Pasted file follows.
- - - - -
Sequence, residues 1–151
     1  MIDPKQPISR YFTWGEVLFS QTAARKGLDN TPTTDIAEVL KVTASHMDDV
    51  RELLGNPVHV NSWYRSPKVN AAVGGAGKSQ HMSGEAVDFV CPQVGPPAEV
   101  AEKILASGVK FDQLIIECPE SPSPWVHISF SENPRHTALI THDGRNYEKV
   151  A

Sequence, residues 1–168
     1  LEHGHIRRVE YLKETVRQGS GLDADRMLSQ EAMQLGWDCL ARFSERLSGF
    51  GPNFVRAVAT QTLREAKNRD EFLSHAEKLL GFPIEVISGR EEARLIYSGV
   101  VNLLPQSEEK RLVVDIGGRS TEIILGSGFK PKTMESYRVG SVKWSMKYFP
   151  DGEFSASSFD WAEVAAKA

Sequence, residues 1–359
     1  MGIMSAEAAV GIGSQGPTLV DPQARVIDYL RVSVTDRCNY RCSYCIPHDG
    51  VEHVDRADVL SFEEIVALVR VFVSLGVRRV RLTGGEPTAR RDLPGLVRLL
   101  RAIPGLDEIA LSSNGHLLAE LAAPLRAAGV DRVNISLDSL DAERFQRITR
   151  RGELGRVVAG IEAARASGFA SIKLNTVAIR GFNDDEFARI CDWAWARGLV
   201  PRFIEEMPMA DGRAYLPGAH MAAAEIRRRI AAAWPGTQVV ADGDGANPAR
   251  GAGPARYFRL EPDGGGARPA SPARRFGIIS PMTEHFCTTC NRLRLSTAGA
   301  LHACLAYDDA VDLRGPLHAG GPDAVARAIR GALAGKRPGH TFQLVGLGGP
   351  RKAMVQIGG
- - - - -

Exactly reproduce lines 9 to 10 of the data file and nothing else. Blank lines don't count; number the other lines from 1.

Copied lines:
   101  VNLLPQSEEK RLVVDIGGRS TEIILGSGFK PKTMESYRVG SVKWSMKYFP
   151  DGEFSASSFD WAEVAAKA